By Tom McDonald
Syndicated content 

Big Tech is the new Big Tobacco

 

May 25, 2022



If you want to understand the impact that technology is having on us, consider the history of tobacco.

Perhaps you know that Native Americans first introduced tobacco to Europeans, who turned it into a cash crop of great importance to the English colonies along the east coast of what we now call the United States. Europe was their first international market, with tobacco touted for its medicinal benefits. But it was a labor-intensive crop that became far more profitable when slaves were brought in to grow, harvest and cure it.

By comparison, technology also started out as a “healthy” product for our modern world, especially for democracies. But it didn’t start out profitably. I remember my first employer to go online, a newspaper owned by a corporate chain. A company executive came to our operation and told us they were launching websites for every newspaper in the chain. They hadn’t figured out how to make money off it yet, he said, but they’d figure that out as things progressed.


That was, by the way, right about when hardcopy newspaper subscriptions started their long decline, but that’s a topic for another time.

Profitability online really took off with social media in the 1990s. The tech companies quickly figured out that they could engage larger audiences, and generate more ad dollars, by letting people interact with each other, and they started developing ways to keep users engaged with each other on their platforms for longer periods of time.

They became too good at it. Raise your hand if you feel you’re a “slave” to your smart phone.

Of course, such virtual enslavement doesn’t come close to the cruelty of slavery in the tobacco fields of yesteryear but, as Twain might say, there’s a rhyme in there. Addiction, after all, is a form of slavery.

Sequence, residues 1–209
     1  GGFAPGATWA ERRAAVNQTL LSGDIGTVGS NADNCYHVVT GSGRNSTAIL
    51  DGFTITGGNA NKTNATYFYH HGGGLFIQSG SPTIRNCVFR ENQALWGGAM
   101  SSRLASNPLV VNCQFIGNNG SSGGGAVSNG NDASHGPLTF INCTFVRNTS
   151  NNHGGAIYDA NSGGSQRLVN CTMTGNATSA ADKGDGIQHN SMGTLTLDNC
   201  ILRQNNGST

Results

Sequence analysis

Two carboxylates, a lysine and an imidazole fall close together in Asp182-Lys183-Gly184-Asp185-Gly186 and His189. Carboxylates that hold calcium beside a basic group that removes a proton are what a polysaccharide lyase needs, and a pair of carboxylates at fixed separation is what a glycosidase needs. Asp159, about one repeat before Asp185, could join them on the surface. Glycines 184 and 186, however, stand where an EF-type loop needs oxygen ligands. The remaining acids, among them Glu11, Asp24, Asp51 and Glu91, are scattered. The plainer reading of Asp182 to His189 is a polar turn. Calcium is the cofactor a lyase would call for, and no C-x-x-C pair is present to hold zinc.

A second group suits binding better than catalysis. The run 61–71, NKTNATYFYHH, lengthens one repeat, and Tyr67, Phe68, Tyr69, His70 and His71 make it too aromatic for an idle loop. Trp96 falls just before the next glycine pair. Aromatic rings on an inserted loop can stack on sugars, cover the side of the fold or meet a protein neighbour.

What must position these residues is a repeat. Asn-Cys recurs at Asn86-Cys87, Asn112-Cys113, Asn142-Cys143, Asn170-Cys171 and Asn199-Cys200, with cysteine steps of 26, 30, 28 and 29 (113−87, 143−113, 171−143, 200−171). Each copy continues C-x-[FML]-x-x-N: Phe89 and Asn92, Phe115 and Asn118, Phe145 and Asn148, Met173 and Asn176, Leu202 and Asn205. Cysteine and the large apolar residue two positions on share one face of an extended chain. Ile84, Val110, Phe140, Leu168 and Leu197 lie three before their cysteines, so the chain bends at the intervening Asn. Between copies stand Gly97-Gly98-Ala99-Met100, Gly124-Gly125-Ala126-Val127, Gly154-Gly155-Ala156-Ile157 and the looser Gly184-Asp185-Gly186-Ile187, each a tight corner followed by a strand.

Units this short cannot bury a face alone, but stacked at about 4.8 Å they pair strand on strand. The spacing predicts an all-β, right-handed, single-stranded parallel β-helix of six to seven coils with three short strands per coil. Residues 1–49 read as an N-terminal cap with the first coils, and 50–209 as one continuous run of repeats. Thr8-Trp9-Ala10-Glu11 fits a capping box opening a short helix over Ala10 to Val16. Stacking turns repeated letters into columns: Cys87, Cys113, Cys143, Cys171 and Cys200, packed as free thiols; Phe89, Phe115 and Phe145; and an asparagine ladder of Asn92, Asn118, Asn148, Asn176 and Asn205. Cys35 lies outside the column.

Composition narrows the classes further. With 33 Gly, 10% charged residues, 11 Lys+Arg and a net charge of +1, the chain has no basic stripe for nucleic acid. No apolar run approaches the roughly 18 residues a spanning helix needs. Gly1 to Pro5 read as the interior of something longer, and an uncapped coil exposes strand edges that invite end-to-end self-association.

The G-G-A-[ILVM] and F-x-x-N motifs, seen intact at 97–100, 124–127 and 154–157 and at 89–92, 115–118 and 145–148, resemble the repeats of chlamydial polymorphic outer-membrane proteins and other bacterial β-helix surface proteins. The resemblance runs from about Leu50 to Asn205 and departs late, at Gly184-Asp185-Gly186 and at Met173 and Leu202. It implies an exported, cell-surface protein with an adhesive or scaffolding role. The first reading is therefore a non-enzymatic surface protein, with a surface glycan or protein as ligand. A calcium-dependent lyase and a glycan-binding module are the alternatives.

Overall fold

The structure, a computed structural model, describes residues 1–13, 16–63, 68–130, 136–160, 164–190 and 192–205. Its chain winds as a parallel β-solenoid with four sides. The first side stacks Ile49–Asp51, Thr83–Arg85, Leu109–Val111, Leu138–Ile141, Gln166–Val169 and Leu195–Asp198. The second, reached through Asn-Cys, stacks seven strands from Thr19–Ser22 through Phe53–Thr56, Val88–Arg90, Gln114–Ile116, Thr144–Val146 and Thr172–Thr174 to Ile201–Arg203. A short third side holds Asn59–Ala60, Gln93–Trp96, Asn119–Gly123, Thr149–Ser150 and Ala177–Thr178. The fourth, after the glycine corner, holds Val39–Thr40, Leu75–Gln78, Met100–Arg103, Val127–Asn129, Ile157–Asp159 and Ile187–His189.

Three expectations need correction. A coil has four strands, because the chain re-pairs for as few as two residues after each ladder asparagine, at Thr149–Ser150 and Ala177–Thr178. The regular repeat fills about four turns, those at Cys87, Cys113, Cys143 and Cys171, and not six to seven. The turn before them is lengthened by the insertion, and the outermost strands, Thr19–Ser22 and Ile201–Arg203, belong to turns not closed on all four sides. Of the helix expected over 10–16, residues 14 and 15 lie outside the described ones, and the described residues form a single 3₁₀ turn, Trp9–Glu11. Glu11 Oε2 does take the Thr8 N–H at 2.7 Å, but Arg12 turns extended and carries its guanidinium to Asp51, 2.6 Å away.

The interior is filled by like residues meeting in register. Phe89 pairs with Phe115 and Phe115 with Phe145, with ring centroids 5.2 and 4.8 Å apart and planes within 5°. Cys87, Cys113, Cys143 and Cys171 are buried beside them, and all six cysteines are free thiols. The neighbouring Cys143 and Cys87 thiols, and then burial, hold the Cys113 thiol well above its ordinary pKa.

Tobacco thrived as part of America’s economy well into the 20th century, long after it was determined to be detrimental to our health. Big Tobacco knew it first and covered it up. Government intervention finally exposed and confronted its adverse health effects, long before Big Tobacco would ever admit it.


Sound familiar? Facebook, we now know, has long been aware of the detrimental impact social media is having on young people, and we can all see how damaging it’s become to our democracy. But Big Tech has worked hard to gloss it all over, much as Big Tobacco was doing 50 years ago.

The biggest problem is that, like tobacco, social media is addictive. Big Tobacco intentionally infused its products with addictive chemicals to get us hooked; Big Tech’s addictive additives are the algorithms. Hear that second beep on your phone when you don’t immediately look at a text? That’s by design, not so much as a convenience for you but as a way to bring you back to your phone. They need to keep us glued to our screens, not because it’s good for us (because it isn’t), but because that’s how Big Tech makes its money.

Big Tech now controls our behavior. Once upon a time, Big Tobacco had a similar hold over our society. Aggressive and misleading advertising of an addictive product did the trick back then, just as it’s working today.

Tom McDonald is editor of the New Mexico Community News Exchange. Contact him at:

[email protected]

 
 

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